State Agriculture Commissioner Sid Miller’s call for a “feral hog apocalypse” has hunters across Texas up in arms about what they see as a poison being unleashed against a perfectly good source of barbecue meat.
At issue is Miller’s approval of “Kaput Feral Hog Lure” to cut down on a hog population that has gotten out of control in Texas and other states. Miller touts the move as a “major new weapon” in the Lone Star State’s arsenal against the hogs. He also says it means the Texas Department of Agriculture no longer needs the $900,000 in state funding earmarked for feral hog control research.
“Wild hogs have caused extensive damage to Texas lands and loss of income for many, many years,” Miller said. “I am pleased to announce that the ‘feral hog apocalypse’ may be within Texans’ reach.”
The pesticide’s key ingredient is warfarin, which depending on its concentration is used both as a human blood thinner and a poison for rats. Miller approved a rule change in the Texas Administrative Code allowing it to be classified as a state-limited use pesticide, which means it can be bought and applied by a licensed applicator or someone under that applicator’s watch.
In an interview Wednesday in San Antonio, Miller described how the hogs would be lured to special feeders with 16-pound lids that deer and other wildlife wouldn’t be able to open.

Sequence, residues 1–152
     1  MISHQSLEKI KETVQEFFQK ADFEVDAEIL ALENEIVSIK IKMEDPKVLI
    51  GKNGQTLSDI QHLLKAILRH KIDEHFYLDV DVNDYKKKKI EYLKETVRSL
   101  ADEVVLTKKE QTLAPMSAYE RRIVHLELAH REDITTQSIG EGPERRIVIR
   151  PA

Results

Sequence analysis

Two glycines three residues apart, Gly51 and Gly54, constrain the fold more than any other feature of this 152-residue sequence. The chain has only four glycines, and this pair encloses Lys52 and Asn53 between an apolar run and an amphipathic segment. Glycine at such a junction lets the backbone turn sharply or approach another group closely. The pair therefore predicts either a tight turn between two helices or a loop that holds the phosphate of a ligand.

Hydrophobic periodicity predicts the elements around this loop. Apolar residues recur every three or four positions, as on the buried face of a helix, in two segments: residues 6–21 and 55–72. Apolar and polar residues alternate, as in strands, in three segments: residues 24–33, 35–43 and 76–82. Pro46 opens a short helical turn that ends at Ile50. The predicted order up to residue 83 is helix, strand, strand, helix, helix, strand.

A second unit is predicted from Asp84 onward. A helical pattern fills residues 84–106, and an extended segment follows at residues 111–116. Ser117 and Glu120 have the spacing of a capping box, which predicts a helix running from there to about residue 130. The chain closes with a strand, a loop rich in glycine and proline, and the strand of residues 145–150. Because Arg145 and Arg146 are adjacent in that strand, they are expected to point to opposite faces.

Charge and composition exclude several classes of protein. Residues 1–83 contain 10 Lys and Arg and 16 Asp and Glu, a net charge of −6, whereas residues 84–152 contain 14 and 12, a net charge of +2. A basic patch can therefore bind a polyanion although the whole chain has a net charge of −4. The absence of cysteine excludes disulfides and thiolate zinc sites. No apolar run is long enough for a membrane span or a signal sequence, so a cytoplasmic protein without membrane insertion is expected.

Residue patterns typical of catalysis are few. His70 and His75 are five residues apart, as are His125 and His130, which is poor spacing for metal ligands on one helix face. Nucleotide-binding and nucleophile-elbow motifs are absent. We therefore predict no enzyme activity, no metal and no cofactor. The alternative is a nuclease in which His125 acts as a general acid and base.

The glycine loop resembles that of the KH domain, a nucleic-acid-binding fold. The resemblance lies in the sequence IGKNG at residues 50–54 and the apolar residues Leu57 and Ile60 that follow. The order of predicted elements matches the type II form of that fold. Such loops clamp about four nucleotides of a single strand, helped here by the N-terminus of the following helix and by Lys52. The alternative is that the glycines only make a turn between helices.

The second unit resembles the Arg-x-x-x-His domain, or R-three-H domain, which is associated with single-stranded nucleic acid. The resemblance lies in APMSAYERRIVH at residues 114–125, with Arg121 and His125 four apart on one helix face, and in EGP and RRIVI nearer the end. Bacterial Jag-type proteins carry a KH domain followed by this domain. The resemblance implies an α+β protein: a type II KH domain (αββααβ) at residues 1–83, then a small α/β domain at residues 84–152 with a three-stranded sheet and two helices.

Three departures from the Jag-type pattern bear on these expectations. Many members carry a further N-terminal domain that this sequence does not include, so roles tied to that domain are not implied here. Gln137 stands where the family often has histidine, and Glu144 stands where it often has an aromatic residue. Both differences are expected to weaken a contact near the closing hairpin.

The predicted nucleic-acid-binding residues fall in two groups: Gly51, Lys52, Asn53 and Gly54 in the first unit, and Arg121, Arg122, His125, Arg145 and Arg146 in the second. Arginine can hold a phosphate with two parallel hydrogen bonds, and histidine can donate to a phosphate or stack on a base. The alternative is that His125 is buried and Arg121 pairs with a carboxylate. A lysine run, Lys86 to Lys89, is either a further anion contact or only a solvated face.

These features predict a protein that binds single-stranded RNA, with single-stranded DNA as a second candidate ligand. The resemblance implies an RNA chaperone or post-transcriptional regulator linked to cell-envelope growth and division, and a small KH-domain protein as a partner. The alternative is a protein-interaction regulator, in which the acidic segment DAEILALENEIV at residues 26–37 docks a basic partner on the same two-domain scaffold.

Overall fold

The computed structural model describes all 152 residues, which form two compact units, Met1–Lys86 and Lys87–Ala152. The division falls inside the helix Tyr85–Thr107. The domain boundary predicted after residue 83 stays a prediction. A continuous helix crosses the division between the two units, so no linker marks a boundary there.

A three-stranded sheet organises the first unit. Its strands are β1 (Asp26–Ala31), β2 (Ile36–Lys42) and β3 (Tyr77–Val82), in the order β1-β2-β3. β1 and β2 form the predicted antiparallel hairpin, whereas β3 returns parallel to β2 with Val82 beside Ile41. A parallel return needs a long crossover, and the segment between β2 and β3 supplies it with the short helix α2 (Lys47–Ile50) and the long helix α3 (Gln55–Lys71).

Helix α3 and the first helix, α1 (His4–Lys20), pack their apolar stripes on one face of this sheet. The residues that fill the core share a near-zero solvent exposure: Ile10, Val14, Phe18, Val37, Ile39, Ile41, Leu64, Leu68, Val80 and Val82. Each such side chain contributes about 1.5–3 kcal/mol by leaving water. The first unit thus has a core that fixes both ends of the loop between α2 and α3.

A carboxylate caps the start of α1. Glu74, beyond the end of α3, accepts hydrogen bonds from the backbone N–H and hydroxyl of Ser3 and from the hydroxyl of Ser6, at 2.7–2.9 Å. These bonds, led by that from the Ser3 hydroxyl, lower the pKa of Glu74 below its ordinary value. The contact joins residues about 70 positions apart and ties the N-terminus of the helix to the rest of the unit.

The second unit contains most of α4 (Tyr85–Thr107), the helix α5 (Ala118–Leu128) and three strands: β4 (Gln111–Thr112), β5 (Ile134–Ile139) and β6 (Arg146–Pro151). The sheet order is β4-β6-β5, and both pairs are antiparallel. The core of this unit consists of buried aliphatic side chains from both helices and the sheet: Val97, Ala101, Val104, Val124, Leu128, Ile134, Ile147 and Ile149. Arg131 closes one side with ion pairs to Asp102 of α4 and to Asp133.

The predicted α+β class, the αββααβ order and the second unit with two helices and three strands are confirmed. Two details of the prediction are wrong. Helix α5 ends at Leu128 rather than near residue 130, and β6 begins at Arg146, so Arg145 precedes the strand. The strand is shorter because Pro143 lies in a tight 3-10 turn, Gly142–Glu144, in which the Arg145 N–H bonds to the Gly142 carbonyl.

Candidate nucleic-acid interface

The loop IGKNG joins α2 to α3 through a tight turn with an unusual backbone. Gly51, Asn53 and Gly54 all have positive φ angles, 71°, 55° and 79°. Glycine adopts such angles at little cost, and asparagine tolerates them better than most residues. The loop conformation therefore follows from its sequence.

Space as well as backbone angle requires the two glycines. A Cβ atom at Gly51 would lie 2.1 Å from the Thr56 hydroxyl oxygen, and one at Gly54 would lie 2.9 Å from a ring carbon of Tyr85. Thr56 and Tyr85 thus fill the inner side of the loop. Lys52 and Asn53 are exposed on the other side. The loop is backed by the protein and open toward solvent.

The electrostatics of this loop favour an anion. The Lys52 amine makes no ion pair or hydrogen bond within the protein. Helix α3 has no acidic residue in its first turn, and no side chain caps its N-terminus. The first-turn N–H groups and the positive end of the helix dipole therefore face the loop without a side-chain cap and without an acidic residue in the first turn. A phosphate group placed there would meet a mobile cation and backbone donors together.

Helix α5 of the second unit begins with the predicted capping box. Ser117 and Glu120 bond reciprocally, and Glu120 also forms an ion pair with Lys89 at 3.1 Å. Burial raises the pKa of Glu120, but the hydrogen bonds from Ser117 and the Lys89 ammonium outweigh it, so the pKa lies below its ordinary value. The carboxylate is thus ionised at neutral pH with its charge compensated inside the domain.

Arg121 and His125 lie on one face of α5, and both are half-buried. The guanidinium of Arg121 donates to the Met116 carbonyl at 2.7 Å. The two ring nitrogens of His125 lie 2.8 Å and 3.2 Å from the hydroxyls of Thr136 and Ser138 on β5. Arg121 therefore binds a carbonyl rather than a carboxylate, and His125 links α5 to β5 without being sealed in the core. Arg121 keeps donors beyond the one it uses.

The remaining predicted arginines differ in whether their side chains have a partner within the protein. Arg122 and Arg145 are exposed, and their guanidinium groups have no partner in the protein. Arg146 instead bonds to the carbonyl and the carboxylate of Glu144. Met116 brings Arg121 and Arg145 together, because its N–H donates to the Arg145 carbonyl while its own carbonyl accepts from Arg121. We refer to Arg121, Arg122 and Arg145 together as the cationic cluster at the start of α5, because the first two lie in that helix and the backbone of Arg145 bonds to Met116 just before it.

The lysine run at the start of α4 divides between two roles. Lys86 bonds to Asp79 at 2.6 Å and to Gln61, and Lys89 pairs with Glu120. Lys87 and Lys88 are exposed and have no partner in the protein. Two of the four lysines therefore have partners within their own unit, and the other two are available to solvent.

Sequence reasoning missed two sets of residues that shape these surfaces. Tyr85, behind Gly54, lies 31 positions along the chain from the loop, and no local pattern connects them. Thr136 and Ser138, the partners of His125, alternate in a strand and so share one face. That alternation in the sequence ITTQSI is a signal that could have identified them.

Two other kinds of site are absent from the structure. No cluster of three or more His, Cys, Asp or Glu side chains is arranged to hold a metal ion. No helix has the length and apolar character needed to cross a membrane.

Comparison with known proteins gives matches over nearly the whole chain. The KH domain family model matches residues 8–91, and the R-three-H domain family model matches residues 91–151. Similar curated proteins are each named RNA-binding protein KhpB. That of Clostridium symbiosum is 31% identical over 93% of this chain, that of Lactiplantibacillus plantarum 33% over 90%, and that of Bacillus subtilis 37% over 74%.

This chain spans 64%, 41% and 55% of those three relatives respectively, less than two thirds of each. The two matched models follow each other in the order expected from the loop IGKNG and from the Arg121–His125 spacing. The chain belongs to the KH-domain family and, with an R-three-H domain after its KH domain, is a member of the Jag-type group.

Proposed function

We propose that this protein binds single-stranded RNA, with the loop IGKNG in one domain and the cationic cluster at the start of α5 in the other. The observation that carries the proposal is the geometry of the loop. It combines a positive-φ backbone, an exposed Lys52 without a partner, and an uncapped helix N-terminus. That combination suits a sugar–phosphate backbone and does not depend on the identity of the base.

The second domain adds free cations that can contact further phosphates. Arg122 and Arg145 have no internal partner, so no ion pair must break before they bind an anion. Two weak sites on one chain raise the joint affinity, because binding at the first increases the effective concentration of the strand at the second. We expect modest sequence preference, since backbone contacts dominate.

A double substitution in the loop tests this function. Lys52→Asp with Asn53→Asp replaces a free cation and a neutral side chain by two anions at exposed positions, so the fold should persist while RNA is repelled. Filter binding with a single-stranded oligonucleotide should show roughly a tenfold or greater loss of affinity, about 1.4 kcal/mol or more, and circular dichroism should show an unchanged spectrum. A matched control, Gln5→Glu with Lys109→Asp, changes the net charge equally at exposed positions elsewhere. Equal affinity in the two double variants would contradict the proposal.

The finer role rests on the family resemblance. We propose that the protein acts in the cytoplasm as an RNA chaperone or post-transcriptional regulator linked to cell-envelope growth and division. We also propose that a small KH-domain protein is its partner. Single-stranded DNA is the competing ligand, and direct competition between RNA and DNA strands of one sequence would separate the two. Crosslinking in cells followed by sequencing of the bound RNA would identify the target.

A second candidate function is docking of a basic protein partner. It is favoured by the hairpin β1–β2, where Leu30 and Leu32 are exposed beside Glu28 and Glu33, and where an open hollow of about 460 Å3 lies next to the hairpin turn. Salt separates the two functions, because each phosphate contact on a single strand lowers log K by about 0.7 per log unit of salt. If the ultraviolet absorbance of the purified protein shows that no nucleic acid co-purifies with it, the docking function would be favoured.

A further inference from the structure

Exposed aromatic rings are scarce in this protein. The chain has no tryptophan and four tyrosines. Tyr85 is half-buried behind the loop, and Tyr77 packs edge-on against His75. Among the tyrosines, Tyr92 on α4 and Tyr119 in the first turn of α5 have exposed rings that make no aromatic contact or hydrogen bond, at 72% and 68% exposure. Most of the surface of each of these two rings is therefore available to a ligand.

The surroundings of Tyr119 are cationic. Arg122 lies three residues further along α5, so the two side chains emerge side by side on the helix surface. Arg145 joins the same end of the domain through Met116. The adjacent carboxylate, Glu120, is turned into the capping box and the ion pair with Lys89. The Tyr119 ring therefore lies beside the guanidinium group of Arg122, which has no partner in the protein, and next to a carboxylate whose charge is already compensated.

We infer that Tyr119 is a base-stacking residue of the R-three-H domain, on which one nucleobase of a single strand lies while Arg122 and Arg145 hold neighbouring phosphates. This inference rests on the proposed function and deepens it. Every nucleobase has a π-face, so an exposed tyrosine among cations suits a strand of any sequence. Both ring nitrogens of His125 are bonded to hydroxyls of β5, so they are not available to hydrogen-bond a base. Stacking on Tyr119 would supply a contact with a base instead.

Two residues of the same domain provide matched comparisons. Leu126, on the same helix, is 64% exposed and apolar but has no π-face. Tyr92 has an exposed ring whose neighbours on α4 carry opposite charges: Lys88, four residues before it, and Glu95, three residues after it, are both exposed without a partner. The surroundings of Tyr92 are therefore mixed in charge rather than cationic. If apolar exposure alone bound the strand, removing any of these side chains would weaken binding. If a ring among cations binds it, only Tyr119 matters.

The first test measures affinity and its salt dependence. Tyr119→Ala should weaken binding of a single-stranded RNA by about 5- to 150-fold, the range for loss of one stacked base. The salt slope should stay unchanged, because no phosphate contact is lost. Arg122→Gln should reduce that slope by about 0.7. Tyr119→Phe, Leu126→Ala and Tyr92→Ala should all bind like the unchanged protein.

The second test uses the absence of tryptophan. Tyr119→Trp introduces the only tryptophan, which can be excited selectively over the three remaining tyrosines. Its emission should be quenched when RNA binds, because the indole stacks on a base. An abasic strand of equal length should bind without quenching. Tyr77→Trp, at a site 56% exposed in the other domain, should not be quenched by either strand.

“The hogs come in and they eat the bait; and usually in one to three days, they will be eradicated,” he said.
He said Scimetrics, the Colorado-based manufacturer of Kaput, had asked him to help find manufacturers to make the feeders.
But while Miller says the product is safe and unlikely to be accidentally ingested by people — it turns the fat of the animal that consumes it blue — those who hunt hogs for food and sport think the commissioner hasn’t thought the move through.
“The stand that we take is we do not believe adding a poison into the environment is the correct answer to this,” said Scott Dover of the Texas Hog Hunters Association, a statewide group that by Tuesday night, just hours after Miller’s announcement, had close to 2,500 signatures of people opposing the pesticide.
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